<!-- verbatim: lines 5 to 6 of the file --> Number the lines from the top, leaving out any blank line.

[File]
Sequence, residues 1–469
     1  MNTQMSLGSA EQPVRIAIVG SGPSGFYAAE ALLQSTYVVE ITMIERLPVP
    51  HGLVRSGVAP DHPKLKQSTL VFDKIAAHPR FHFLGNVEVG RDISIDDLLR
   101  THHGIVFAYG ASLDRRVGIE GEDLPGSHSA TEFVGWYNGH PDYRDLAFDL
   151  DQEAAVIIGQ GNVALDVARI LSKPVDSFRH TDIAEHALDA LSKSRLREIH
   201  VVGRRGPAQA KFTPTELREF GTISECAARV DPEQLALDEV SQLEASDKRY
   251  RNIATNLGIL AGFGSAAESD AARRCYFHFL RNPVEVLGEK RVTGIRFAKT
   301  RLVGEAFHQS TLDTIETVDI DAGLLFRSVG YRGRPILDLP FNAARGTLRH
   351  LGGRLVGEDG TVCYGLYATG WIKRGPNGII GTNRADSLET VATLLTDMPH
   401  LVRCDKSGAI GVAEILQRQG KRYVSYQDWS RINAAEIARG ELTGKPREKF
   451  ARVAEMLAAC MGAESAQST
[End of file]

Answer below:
   151  DQEAAVIIGQ GNVALDVARI LSKPVDSFRH TDIAEHALDA LSKSRLREIH
   201  VVGRRGPAQA KFTPTELREF GTISECAARV DPEQLALDEV SQLEASDKRY